The Valley and Ridge area of Northwest Georgia is not known for waterfalls, unlike almost every other mountainous section of the state. Most of the available hikes in this area simply follow low ridges like Horn Mountain, Johns Mountain, and Taylor Ridge that separate similar valleys. The Keown Falls Scenic Area is unique to the region, as it is home to the area's two only publicly-accessible waterfalls: South Keown Falls and Keown Falls. Both waterfalls are accessed easily by the Keown Falls Trail, but it's worth extending the hike along the Johns Mountain Trail, which has great winter views from Johns Mountain. There are some other opportunities to extend the hike, such as following the Pinhoti Trail along Johns Mountain Road and past Pilchers Pond - although hikers may not find that part of the trail particularly exciting. This hike occurred on Saturday, November 11th, 2017. My plan was to hike a loop with the Keown Falls Trail, Johns Mountain Trail, FS 208, and the Pinhoti Trail past Pilchers Pond, starting at the end of FS 702. Unfortunately, the quality of this longer loop hike was degraded by a rather ugly logged area on the north side of Johns Mountain Road.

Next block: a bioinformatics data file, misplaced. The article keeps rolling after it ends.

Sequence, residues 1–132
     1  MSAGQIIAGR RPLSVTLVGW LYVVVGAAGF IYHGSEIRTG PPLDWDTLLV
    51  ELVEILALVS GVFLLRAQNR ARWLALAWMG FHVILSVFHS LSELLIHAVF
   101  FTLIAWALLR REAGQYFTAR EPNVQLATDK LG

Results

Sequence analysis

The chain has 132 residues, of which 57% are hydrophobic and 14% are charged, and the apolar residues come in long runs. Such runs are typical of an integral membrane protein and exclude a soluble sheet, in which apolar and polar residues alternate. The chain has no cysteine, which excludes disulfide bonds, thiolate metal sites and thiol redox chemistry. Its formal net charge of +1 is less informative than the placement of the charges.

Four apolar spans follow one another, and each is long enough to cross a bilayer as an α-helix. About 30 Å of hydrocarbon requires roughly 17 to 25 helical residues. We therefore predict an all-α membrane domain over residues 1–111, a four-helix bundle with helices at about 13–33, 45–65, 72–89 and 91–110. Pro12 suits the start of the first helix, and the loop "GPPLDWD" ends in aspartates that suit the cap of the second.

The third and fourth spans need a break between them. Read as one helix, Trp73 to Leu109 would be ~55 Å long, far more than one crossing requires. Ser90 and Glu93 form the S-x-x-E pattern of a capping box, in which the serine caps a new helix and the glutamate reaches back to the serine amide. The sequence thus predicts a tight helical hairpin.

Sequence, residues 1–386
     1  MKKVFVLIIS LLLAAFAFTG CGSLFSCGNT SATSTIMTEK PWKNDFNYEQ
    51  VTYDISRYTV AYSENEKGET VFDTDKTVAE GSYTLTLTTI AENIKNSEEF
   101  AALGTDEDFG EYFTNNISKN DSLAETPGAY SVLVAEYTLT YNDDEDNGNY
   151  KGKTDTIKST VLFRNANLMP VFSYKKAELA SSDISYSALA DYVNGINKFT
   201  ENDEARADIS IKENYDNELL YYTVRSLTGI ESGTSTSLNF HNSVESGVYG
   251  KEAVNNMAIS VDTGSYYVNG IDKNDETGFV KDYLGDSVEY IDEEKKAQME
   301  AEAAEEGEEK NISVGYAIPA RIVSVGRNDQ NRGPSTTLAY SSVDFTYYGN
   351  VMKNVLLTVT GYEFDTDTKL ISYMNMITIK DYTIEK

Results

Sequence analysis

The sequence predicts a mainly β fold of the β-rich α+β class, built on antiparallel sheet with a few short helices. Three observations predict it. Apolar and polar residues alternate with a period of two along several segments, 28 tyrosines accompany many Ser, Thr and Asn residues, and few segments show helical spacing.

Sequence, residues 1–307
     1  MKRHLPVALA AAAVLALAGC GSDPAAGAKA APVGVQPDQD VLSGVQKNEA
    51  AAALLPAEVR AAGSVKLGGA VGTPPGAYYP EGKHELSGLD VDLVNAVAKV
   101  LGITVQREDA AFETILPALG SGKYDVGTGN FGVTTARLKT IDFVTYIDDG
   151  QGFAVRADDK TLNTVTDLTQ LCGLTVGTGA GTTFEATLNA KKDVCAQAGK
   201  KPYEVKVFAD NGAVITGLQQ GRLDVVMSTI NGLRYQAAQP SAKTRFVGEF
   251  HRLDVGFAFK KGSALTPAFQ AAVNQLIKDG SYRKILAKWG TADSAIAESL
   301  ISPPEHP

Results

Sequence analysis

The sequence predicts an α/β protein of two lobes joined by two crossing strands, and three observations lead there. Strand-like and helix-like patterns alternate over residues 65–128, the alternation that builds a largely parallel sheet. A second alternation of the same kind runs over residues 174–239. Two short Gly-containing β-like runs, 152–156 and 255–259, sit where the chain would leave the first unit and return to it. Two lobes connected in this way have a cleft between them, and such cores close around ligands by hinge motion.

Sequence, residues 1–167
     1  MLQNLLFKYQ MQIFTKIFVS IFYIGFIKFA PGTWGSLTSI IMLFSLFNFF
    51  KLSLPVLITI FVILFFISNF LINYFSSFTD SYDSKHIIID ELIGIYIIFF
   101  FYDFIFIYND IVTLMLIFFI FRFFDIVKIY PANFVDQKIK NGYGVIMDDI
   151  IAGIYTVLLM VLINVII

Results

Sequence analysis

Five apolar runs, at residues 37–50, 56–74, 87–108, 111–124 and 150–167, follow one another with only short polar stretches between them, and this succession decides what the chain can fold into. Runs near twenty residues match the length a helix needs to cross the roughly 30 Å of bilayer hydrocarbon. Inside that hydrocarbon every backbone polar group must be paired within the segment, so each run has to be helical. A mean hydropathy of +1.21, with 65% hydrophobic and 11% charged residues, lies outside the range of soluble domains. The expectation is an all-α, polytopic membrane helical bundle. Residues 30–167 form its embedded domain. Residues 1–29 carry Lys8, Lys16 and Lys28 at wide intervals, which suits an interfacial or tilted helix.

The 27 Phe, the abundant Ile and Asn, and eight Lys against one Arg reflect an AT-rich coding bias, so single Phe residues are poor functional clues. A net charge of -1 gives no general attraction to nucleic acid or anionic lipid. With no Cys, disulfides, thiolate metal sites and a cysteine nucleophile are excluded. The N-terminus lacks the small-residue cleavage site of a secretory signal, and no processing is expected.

Nestled deep in the Armuchee ridges of Northwest Georgia, a series of waterfalls and streams creates a beautiful scene, and the short hike up to it, and farther up to Johns Mountain Overlook, is worth it, as the views are spectacular. I find it weird that for a trail of very high popularity, there is a small to moderate sized parking lot. The other amenities are picnic tables and restrooms. I hiked this trail on Saturday, February 22nd, 2014. My plans were to take the right branch of the Keown Falls Loop Trail up to Keown Falls Overlook, then take the right branch of the Johns Mountain Trail to the Johns Mountain Overlook, and finish it by hiking down the left sides of both loops.
Dear readers: I have invested a tremendous amount of time and effort in this website and the Georgia Waterfalls Database the past five years. All of the work that has gone in keeping these websites updated with my latest trip reports has almost been like a full-time job. This has not allowed me to pick up a paid job to save up money for college, and therefore, I will unfortunately have to take out loans as I head to college this September. I plan to study environmental science and molecular biology, with a focus on environmental conservation, which is my passion. I want to do research that would ultimately benefit the well-being of the earth, as it feels like a mission to me. If you find the information on this website interesting, helpful, or time-saving, you can say "thanks" and help me out by clicking the button above and making a contribution. I will be very grateful for any amount of support you give, as all of it will apply toward my college tuition. Thank you!
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